Adriana di Bartolo, director of the Queer Resource Center of the Claremont Colleges, said a big part of education is demystifying the language around gender identity and understanding that transgender students have a variety of experiences, and even appearances. The center provided training for Scripps trustees and faculty.
"What is amazing about the students at Scripps is that they're ready for this change, ready to have a more inclusive policy and to welcome new folks on campus," Di Bartolo said. "People are afraid of a tidal wave of trans students going to Scripps, and that's just not going to happen. But women's colleges are absolutely leading the way."
Girl-Hating Taliban Attack 1,000 'Un-Islamic' Pakistan Schools In Last Five Years
18 Dec, 2014
The Peshawar school attack in which at least 130 people, mostly children, were killed by the Taliban is not the first one carried out by the insurgents.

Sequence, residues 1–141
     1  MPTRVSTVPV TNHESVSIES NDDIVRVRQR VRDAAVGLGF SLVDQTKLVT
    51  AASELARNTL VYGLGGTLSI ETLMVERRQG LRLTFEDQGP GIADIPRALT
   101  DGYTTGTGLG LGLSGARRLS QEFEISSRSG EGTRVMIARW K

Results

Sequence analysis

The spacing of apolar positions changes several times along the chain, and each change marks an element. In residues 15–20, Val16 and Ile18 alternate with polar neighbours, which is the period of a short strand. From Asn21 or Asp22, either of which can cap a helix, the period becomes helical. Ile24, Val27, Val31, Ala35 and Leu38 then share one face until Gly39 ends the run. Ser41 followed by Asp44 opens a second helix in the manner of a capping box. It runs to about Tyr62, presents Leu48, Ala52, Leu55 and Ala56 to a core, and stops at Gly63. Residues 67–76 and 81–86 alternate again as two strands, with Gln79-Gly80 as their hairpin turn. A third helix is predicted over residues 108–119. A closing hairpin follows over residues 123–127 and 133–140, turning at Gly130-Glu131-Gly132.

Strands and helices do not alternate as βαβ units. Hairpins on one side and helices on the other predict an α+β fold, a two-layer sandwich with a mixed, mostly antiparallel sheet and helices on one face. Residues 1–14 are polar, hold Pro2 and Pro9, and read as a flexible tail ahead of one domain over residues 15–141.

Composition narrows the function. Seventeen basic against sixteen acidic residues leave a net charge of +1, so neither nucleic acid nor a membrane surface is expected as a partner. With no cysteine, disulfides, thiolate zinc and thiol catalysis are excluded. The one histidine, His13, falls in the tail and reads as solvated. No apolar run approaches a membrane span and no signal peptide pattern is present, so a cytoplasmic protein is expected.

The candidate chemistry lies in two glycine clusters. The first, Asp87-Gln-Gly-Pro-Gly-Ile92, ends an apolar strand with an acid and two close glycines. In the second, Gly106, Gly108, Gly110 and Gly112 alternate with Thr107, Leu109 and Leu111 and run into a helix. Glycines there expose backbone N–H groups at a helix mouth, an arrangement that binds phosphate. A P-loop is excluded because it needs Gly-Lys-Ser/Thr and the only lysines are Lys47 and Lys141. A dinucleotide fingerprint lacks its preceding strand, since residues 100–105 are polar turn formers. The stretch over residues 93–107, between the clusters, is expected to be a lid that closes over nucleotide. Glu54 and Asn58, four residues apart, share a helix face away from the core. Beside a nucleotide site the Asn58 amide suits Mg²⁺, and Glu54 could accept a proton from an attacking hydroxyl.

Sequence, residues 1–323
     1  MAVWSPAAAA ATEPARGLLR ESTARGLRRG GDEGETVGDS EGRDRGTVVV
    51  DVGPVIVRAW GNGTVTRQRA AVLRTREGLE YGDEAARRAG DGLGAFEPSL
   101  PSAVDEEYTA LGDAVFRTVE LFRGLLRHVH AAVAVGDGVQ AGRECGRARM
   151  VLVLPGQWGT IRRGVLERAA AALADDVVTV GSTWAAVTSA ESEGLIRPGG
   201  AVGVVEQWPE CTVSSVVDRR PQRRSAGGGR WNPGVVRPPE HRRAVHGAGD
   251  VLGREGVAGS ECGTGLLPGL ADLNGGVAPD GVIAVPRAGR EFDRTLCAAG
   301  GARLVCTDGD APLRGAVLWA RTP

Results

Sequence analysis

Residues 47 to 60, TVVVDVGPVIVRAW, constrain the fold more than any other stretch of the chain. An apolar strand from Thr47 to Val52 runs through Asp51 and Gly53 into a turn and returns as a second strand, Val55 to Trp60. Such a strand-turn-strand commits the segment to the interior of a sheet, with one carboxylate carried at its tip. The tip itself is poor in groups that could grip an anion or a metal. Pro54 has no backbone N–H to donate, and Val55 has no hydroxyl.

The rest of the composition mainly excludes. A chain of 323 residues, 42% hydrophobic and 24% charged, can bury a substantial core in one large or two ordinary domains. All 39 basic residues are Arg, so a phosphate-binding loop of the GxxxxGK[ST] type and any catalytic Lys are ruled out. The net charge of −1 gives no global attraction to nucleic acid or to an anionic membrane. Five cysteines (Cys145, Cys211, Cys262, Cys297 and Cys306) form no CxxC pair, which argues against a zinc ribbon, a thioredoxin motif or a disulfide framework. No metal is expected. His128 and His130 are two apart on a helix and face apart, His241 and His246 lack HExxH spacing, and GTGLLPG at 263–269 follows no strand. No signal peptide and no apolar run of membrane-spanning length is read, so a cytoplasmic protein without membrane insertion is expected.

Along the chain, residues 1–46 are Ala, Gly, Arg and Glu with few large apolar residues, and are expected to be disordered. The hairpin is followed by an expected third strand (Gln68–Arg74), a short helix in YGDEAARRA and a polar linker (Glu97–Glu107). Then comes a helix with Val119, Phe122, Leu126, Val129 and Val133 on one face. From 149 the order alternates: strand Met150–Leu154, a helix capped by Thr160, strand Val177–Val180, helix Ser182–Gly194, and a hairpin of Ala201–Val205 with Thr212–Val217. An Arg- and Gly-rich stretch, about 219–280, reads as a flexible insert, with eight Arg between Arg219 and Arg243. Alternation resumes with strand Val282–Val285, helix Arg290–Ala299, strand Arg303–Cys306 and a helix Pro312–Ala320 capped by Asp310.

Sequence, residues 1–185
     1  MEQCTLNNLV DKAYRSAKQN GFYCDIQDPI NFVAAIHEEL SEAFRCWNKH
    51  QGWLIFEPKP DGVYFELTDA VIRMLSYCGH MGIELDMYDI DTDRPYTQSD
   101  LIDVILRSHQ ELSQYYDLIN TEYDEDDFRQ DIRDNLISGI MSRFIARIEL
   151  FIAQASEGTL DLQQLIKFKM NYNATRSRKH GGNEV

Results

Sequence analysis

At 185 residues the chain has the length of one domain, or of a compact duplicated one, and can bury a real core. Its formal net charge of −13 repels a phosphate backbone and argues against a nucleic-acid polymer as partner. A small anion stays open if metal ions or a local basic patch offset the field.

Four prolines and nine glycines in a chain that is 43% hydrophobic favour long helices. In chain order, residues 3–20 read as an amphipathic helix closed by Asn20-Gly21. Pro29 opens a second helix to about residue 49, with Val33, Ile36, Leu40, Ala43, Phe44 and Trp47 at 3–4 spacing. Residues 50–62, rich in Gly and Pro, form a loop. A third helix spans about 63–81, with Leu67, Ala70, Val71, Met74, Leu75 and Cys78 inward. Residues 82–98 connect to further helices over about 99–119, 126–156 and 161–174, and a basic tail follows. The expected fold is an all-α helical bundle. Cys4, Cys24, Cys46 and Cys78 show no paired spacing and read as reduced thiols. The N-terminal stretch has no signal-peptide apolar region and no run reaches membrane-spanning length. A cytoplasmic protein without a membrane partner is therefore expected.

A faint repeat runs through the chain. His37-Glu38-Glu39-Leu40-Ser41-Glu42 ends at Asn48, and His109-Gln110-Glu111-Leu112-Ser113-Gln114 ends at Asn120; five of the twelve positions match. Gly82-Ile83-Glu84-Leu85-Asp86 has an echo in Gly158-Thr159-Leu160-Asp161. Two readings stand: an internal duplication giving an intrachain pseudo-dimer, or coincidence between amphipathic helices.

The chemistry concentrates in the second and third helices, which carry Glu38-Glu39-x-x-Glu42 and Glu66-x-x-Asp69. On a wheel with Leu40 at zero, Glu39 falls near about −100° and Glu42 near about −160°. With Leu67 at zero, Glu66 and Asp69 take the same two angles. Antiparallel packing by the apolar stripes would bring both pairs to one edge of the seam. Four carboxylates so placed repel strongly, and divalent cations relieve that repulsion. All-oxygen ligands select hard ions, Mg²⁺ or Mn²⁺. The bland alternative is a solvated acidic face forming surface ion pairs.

It is believed the latest attack was conducted to discourage military activity in the area. Some have also argued the attack was in revenge for Pakistani children's rights activist Malala Yousafzai being awarded the 2014 Nobel Peace Prize.
However, reports by human rights groups have suggested that the militants have attacked at least 1,000 schools in the past five years.
A 2014 report by the Global Committee to Protect Education from Attack found that in Pakistan "there were 838 or more attacks on schools during 2009-2012, more than in any other country, leaving hundreds of schools destroyed.
"When the Pakistani Taliban did gain control of the Swat Valley, they first banned girls'
education and banned women from teaching, through an edict in December 2008, and later amended their edict to permit the education of girls, but only up to grade 4."
A June 2014 report by the International Crisis Group stated that the Taliban often target educational institutions, particularly girls' schools, as they are against education, which they see as a "promotion of Western decadence and un-Islamic teachings."
Malala herself was the target of an attempted homicide by the Taliban, who tried to kill her for her promotion of education to women and children in Pakistan.
The activist, the youngest ever Nobel Prize winner, was shot in 2012 on a school bus in the Swat valley, in the Khyber Pakhtunkhwa province, of which Peshawar is the capital.